Presentation on theme: "EE:450 – Computer Networks"— Presentation transcript:
1EE:450 – Computer Networks Discussion Session #1September 1, Fall 2010
2Some Terminology Bit (b) Byte (B) Bit Rate Basic unit of information in computersBinary : 0 or 1Byte (B)8 bits in one byteBit RateNumber of bits transmitted in a time unitTypical unit is bits-per-second (bps)Used to measure transmission speed in digital transmissions
4TerminologyDelay/Latency: Time it takes a message to travel from one end of a link to anotherIt is a very important performance parameterEnd to End delay consists of several componentsTransmission timePropagation delayNodal Processing timeQueuing delay
5Transmission timeHow long does it take to transmit a message (usually in KB) over a link with bit rate (usually in Mbps)?Steps:1. Convert message size to bits1KB = 1024 bytes1MB = 220 bytes1 Byte = 8 bitsKey is the difference between “B” and “b”
7Transmission time = Message size/Bit rate Transmission time ctd.2. To obtain the transmission time, divide the message size (in bits) by the bit rate a.k.a. bandwidth (in bps)Transmission time = Message size/Bit rate
8Transmission time example Ex: How long does it take to transmit a 4KB file over a link with 1Mbps bandwidth?Solution:Step 1: Convert the file size to bits4 KB = 4 x 1024 Bytes = 4096 Bytes= bits1Mbps = 106 bpsStep 2: Transmission Time = file size / bandwidthttrans = bits / 106 bps= 32.8 ms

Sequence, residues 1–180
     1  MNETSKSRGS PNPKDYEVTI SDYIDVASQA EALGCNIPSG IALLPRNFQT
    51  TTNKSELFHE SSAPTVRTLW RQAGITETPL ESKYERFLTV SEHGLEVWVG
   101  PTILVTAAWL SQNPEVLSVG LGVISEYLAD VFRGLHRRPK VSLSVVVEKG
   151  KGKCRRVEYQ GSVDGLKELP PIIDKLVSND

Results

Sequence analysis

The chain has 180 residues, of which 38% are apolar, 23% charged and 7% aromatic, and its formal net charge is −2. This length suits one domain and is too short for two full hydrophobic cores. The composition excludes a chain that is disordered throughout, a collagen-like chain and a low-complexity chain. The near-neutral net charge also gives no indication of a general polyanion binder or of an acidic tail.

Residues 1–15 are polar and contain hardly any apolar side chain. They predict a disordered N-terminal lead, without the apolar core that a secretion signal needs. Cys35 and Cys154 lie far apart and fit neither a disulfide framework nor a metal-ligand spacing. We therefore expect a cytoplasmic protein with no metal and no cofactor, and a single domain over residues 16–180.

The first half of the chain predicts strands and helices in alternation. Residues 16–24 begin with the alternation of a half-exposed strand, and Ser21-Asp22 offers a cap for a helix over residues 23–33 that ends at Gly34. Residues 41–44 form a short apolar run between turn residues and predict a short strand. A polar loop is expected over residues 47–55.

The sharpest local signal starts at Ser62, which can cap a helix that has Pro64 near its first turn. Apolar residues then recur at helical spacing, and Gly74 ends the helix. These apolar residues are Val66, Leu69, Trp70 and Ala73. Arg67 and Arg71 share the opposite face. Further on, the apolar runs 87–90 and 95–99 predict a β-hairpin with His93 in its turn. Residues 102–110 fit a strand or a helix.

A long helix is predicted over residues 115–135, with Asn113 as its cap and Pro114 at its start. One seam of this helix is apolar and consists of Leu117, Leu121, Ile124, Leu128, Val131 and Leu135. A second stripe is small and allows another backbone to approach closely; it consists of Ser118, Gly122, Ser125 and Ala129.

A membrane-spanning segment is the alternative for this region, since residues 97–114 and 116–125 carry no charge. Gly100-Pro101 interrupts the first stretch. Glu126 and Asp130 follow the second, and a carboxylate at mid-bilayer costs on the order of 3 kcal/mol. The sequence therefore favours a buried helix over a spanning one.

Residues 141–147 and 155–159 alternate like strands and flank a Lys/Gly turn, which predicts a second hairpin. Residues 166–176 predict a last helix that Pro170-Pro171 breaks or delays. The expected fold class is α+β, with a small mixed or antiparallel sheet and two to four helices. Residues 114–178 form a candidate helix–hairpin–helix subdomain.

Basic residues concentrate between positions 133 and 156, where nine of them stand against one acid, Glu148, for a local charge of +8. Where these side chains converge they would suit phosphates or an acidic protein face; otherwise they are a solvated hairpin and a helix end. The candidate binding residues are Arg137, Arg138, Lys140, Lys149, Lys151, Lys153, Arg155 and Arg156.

9tprop = Link length (m) / Vprop (m/s) Propagation delayPropagation delay: The time it takes for a bit to traverse from one end of the link to the other endtprop = Link length (m) / Vprop (m/s)Where Vprop is the speed with which the bit travels in the medium - same as the speed of light in the given medium
10Propagation delay example Ex: What is the propagation time of a message in a link of 2.5 Km long? The speed of light in the cable is 2.3 x 108 m/s.Solution:tprop = Link length/ Vprop= 2500 m / 2.3 x 108 m/s= 10.9 μsAttention: tprop is independent of message size and bit rate of the link.
11txfr = ths + ttrans + tprop + tqueuing/processing Message Transfer TimeMessage transfer time (txfr) : Time taken from the point when the sender starts transmitting the message till the receiver receives the entire message. Also known as end – to – end delaytxfr = ths + ttrans + tprop + tqueuing/processingWhere:ths is the handshake time (time it takes for the initial connection establishment phase)tqueuing/processing is the queuing and processing delay in the network.We will assume the latter as zero most of the time.
12Round Trip Time (RTT)Round Trip Time: The time to send a message from a sender to the receiver and receive a response backDepends on the message size, length of link, direction of propagation, propagation velocity (speed), node processing delay, network traffic load etc.We will assume RTT = 2 x tpropMay not be true if the message and the response choose different links to traverseThe other delay components are ignored here.
13Bit WidthBit width: duration (in time) of a pulse representing a bit – depends on bit rate (bandwidth) of the link.Bit width = 1 / BandwidthA bit is 1 μs wide in a 1 Mbps channel1/(106 bps) = (1 x 10-6) seconds per bitA bit is 0.5 μs wide in a 2 Mbps channel
14Bit LengthBit length: The length occupied by a bit on a transmission linkBit length = Bit width x Prop. Speed= (sec) x (meters/sec)= (meters)